Welcome to California where we have a personal income tax. Like you, I am also from Texas. Many new California residents simply claim the same number of allowances as federal on their DE-4 as the EDD's worksheet is confusing or burdensome. However, I would recommend that you actually fill out the worksheets to determine the proper number of allowances and estimate your deductions as you can easily be under withheld and thus subject to state tax penalties. Also remember that you can always revise the DE-4 to increase or decrease your withholding later.
If you want to be safe, "0" or "1" exemption (yourself) would be appropriate.
Hope this helps!
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THESE COMMENTS ARE NOT LEGAL ADVICE. They are provided for informational purposes only. Actual legal advice can only be provided after consultation by an attorney licensed in your jurisdiction. The answer to question does not create an attorney-client relationship or otherwise require further consultation. Mr. Smith is licensed to practice law throughout the state of California with offices in Los Angeles County. He is authorized to handle IRS matters throughout the United States, and is also licensed to practice before the United States Tax Court. His phone number is 323-292-4116 or his email address is firstname.lastname@example.org.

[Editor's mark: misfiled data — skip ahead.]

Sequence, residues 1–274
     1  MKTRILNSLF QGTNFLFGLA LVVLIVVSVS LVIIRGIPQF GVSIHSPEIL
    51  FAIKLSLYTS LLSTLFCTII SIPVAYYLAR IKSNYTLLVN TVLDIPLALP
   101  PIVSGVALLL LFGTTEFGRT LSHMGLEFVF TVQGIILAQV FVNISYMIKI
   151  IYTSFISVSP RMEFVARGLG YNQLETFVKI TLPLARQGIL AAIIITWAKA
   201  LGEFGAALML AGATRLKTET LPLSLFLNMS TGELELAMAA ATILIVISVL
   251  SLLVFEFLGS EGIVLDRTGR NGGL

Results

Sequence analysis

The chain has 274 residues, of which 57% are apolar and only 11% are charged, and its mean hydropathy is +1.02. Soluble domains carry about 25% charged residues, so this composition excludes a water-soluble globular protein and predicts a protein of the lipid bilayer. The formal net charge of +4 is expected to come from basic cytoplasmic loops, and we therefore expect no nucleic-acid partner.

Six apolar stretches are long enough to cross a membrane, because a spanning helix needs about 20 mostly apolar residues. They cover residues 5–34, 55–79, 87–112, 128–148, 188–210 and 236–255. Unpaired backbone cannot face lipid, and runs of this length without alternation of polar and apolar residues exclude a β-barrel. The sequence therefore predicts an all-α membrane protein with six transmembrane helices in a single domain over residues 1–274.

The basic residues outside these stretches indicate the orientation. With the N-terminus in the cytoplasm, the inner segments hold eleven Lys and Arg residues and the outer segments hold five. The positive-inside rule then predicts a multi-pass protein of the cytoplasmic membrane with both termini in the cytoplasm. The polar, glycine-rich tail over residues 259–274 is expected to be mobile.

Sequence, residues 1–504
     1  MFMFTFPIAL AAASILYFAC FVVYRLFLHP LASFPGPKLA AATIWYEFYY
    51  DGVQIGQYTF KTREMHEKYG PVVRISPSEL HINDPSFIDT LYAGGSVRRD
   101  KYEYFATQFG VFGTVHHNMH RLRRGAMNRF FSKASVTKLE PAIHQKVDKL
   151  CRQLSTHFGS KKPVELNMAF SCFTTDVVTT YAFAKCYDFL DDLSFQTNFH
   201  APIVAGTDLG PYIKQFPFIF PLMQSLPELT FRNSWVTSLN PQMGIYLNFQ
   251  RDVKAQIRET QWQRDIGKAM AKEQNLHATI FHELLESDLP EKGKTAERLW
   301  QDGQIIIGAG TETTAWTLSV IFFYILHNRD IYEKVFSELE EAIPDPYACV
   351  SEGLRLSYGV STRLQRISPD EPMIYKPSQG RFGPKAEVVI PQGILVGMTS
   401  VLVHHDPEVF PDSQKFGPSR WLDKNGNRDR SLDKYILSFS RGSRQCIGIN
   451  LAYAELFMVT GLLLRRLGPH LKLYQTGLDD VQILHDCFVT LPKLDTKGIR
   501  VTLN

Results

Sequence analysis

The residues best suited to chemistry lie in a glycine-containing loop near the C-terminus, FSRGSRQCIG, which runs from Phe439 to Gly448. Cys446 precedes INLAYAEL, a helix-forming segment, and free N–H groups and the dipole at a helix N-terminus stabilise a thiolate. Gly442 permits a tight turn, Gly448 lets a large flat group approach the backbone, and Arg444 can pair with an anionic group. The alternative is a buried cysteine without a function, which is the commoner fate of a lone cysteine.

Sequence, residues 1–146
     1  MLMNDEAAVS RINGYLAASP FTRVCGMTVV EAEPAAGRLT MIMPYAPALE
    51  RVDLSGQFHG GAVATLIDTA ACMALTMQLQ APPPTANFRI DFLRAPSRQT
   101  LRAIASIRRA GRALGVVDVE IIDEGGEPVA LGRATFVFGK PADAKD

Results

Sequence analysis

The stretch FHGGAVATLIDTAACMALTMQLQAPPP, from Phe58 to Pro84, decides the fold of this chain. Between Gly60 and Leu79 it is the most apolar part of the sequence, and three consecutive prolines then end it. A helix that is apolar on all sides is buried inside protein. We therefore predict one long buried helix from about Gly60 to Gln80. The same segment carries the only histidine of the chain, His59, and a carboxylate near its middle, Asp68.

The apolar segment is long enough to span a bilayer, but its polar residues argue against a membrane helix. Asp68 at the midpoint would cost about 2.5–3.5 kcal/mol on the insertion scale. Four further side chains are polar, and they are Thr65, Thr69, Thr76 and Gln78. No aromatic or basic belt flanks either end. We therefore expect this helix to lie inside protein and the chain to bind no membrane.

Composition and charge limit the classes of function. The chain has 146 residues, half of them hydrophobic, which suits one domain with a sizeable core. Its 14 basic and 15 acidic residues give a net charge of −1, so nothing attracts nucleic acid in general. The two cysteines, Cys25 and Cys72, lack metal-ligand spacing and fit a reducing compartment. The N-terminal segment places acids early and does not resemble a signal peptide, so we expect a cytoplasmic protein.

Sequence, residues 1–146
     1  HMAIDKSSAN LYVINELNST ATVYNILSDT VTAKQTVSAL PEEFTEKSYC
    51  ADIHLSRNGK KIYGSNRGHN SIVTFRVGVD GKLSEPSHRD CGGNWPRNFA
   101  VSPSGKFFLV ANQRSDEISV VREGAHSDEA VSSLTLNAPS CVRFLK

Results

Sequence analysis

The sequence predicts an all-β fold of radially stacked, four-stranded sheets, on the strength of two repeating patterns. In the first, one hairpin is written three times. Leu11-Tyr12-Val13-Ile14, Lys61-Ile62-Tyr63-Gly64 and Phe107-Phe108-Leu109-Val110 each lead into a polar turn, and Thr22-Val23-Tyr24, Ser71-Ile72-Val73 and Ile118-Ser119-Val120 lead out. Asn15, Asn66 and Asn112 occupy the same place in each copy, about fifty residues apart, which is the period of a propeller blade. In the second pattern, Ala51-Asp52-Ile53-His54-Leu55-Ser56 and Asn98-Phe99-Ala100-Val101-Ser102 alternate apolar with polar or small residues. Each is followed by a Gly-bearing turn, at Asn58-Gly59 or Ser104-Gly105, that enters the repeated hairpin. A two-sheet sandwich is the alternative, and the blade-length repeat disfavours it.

As my fellow counselors have advised, you want to be sure that you avoid owing taxes at the end of the year. Thus, it would be a good idea to complete the DE-3 worksheet using the instructions provided and you should be fine if you claim only 0 or 1 exemptions. In some cases, it makes sense for an individual to claim multiple exemptions, such as if they have extraordinarily high medical expenses, or the like.
The answer to this question does not establish an attorney-client relationship. Moreover, this attorney is licensed to practiced law ONLY in the State of California. Answers to questions from users in other jurisdictions or states are meant to provide only general information. Users should contact a local attorney in their jurisdiction or state to address their specific tax issue.